Despite a learning model being trained to fit the statistics, the model cannot be assumed to have a successful predictive capability. This is due to the regularization which increases the performance, while the performance on test is optimal within a range of values of the regularization parameter. Thus, accurate evaluation of predictive performance is a key step for validating the precision and recall of a deep neural network classification model.

K-fold cross-validation is an effective way to measure the predictive performance for the deep CNNs model [29]. The K-fold cross-validation procedure is shown in Fig 11. First, the total RBC population was divided into k non-overlapped subsets with equal number of RBCs (here k was chosen to be 5). Then, for every fold or experiment, one of the 5 subsets was chosen as the validation set (green color data block) and the other k − 1 subsets were combined to form the training set (orange color data blocks). Finally, the average validation scores obtained from the five folds were calculated as the final prediction score. Every class of RBC images is divided into 5 equal subsets, the quantity of training data and validation data can in each class can be expressed as Eq (6). (6) Where, C(i) is the number of RBC in the ith class, Vij describes the i-th class and j-th validation sub-dataset, and Tij is the corresponding training dataset.n can take the values of 5 or 8 for our studies. Finally, 5 folds can be generated by collecting the same subset from different classes alternately. For example, the j-th fold can be represented by Eq (7). (7)

Fig 11. Evaluation procedure for 5-fold cross validation.

The main advantage in using k-fold cross validation is that each image is limited to one use during the validation process. This can effectively avoid the inaccurate and unstable phenomenon while artificially forcing multiple common samples into both training and testing.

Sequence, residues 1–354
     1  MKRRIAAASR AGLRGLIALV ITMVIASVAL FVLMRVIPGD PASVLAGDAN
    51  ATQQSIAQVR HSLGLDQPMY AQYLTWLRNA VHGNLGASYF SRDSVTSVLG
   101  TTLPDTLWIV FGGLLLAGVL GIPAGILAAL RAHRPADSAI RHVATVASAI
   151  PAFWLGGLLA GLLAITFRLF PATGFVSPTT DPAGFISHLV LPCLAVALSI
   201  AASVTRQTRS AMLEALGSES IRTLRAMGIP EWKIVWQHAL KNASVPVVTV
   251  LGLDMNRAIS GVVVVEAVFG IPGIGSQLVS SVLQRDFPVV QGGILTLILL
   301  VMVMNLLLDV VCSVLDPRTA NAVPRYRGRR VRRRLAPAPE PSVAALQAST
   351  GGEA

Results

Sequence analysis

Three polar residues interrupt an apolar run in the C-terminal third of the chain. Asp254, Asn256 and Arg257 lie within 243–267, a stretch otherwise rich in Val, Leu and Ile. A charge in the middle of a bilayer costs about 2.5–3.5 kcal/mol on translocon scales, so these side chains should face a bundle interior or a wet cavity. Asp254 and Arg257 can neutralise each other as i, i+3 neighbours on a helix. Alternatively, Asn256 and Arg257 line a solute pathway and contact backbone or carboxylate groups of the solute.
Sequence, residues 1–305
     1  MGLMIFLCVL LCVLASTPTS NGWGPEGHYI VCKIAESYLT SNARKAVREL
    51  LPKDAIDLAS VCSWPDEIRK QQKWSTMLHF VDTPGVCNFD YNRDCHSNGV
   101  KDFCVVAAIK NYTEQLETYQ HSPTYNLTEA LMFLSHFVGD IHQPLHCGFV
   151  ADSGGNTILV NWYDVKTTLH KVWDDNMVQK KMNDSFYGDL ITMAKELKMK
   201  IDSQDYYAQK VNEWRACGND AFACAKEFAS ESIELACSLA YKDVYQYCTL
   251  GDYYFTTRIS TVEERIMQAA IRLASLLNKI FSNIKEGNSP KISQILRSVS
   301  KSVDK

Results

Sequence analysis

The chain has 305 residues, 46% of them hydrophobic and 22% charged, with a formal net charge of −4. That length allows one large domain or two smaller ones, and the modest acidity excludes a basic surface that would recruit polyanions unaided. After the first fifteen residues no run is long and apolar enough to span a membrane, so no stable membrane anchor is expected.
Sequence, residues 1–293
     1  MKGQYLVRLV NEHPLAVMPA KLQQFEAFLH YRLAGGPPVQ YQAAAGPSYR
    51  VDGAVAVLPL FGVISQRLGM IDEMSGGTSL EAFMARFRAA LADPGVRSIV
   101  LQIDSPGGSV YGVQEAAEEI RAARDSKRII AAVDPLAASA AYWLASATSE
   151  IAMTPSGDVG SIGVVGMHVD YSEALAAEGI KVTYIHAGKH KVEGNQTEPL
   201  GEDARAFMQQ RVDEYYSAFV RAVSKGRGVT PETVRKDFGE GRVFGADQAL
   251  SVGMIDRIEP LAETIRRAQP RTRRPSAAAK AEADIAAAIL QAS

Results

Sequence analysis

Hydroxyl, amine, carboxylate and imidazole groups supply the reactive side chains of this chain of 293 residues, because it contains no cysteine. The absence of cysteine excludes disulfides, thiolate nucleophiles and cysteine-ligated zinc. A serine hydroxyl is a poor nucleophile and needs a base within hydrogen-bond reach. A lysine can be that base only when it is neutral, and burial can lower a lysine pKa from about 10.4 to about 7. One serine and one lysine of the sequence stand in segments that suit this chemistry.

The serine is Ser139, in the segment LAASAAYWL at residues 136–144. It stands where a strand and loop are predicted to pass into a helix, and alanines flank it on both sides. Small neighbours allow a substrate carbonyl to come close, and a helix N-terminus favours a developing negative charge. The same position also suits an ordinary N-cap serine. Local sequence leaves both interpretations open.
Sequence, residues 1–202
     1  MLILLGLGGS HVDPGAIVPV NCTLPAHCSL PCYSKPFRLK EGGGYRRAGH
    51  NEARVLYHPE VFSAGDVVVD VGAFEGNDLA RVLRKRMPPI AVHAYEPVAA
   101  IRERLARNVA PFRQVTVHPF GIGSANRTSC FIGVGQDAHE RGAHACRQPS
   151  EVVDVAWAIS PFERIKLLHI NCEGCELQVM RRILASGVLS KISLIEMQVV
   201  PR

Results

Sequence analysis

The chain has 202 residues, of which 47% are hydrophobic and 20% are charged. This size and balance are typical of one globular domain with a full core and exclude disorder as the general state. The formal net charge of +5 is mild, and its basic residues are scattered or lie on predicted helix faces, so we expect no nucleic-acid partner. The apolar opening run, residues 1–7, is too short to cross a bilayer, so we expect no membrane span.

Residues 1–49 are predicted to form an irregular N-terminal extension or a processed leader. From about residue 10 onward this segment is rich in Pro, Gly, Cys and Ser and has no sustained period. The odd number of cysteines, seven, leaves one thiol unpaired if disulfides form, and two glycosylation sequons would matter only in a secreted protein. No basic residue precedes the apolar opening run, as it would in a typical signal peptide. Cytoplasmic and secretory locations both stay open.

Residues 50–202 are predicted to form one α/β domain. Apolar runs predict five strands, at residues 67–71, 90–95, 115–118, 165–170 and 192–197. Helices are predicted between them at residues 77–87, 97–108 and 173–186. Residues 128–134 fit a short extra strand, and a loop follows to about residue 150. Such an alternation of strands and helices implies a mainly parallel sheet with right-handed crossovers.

Hence, in order to evaluate the general performance of our RBC-dCNN model, we performed 5-fold cross validation for the new datasets Exp_II (7 patients), in which we created a supplement for the number of echinocyte, granular, sickle and reticulocyte categories. To evaluate the performance of our deep CNN model for the SCD RBC classification and determine the importance of different types of RBCs present in SCD blood, we perform the experiments according to the following principles:

  1. Comparative study and analysis for two kinds of RBC labeling principles, denoted as “coarse labeling” and “refined labeling”, so as to validate the efficiency of the RBC-dCNN model applied in various kinds of RBC patterns in SCD.
  2. Multiple metrics for the final evaluation of the performance of RBC-dCNN (Precision, Sensitivity, Specificity, F-score, Accuracy and ROC_AUC) are taken into account; the specifications for these measures are shown below.

(8) (9) (10) (11) (12) Here, TP, TN, FP and FN are, respectively, the true positive, true negative, false positive and false negative number of RBCs being classified for each class. The above five metrics can help us measure the dCNN’s performance from different perspective; e.g., the precision, or positive predictive value (PPV) can be viewed as a measure of a classifiers exactness. A low precision can also indicate a large number of False Positives. The sensitivity—also called recall or true positive rate(TPR)– measures the proportion of positives that are correctly identified; it can be viewed as a measure of a classifiers completeness. A low recall indicates many False Negatives; the specificity (SPC)—also known as true negative rate(TNR)– measures the proportion of negatives that are correctly identified. F1-score considers both precision and recall; it gets the best accuracy when it reaches 1, worst corresponds to 0. The ROC-AUC curve is a plot for TPR and NPR (Negative Positive Rate), which is explained in the experiments below.

In the following, the experimental results based on 5-fold cross validation for the two kinds of labeling datasets are presented respectively.

Evaluation of coarse-labeled RBC dataset (5 categories): In this experiment, all RBC patch images were coarsely labeled into 5 categories: 1) Dic+Ovl, 2) Ech, 3) El+Sk, 4) Grl, 5) Ret. In accordance with the cross validation scheme in Fig 11, the divided 5-fold cross validation datasets for 5 types of RBC and their corresponding evaluation results are given in Table 3.

Table 3. 5-fold cross validation for 5 types of SCD RBC classification.